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Related to postmodern: Postmodern architecture


1. Of or relating to art, architecture, or literature that reacts against earlier modernist principles, as by reintroducing traditional or classical elements of style or by carrying modernist styles or practices to extremes: "It [a roadhouse]is so architecturally interesting ... with its postmodern wooden booths and sculptural clock" (Ruth Reichl).
2. Of or relating to an intellectual stance often marked by eclecticism and irony and tending to reject the universal validity of such principles as hierarchy, binary opposition, categorization, and stable identity.

post·mod′ern·ism n.
post·mod′ern·ist adj. & n.


(Art Terms) (in the arts, architecture, etc) characteristic of a style and school of thought that rejects the dogma and practices of any form of modernism; in architecture, contrasting with international modernism and featuring elements from several periods, esp the Classical, often with ironic use of decoration
postˈmoderˌnism n
postˈmodernist n, adj


(poʊstˈmɒd ərn)

1. (sometimes cap.) of or pertaining to any of various movements in architecture, the arts, and literature developing in the late 20th century in reaction to the precepts and austere forms of modernism and characterized by the use of historical and vernacular style elements and often fantasy, decoration, and complexity.
2. extremely modern; cutting-edge: postmodern kids who grew up on MTV.
post•mod′ern•ism, n.
post•mod′ern•ist, adj., n.
ThesaurusAntonymsRelated WordsSynonymsLegend:
Adj.1.postmodern - of or relating to postmodernism; "postmodernist architecture"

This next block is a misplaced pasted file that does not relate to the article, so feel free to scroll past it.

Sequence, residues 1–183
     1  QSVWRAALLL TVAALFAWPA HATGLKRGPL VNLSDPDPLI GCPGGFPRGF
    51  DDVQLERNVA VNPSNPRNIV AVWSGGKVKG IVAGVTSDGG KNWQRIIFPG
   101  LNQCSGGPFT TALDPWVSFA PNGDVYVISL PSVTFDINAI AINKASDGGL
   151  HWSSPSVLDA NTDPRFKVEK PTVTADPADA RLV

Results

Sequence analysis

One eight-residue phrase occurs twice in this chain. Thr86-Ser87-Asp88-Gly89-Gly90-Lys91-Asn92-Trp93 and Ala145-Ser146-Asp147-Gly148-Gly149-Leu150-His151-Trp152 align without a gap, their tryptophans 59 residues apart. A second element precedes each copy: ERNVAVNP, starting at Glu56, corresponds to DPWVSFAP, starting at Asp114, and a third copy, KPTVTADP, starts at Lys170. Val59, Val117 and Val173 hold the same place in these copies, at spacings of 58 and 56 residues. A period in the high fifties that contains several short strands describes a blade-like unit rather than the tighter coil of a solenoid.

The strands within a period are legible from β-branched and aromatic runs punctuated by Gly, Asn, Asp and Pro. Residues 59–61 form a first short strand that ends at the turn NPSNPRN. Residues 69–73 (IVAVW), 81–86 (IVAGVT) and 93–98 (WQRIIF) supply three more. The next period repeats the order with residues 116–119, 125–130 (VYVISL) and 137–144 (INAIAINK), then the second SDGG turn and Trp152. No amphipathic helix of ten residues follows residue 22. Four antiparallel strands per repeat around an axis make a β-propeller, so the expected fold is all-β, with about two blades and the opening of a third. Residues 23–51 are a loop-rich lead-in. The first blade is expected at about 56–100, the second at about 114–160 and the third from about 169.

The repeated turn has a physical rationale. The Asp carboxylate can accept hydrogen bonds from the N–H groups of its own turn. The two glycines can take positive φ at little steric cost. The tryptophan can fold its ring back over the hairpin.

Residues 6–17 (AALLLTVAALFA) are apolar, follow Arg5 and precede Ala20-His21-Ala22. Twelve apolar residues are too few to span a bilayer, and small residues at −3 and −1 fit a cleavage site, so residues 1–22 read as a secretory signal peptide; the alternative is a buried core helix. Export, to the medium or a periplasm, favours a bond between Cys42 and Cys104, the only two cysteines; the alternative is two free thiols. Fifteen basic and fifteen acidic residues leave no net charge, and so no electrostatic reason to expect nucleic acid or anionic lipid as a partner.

[ˈpəʊstˈmɒdən] ADJposmoderno
References in periodicals archive ?
This illustrated history charts the development of the postmodern design movement, looking at aspects of architecture, furniture, textiles, product design, graphic design, and industrial design.
Gordon E Slethaug, Adaptation Theory and Criticism: Postmodern Literature and Cinema in the USA.
The Tribe of Pyn: Literary Generations in the Postmodern Period.
It is better to name what we have seen as the First Postmodern World War.
Daniel Jernigan's Tom Stoppard: Bucking the Postmodern concentrates on another, albeit related, charge levied against Stoppard, namely, that he tends toward the philosophically reactionary by demonstrating a pronounced interest in the many perspectives and features of modernism over postmodernism.
It is no accident that Juan Villoro is classified as a postmodern author.
He focuses on the major stage-plays and considers Stoppard as moving away from postmodern conventions to modernist and realist ones.
THE POSTMODERN SACRED: POPULAR CULTURE SPIRITUALITY IN THE SCIENCE FICTION, FANTASY AND URBAN FANTASY GENRES is for any college-level collection strong in science fiction analysis, and considers how pop culture spirituality is used in fantasy to impart secondhand experiences of belief.
But even though there's even a couplet to describe it - postmodern irony - it makes no sense.
Based on the ideas of the postmodern curriculum theorist William Doll, it examines the paradigm shifts of world views from pre-modern to post-modern times and their implications for education.
Here I will turn to the important contribution made by Zycinski to establishing a dialogue between postmodern thought and religion.
Lubomir Dolezel, Possible Worlds of Fiction and History: The Postmodern Stage, The Johns Hopkins University Press, 2010, pp.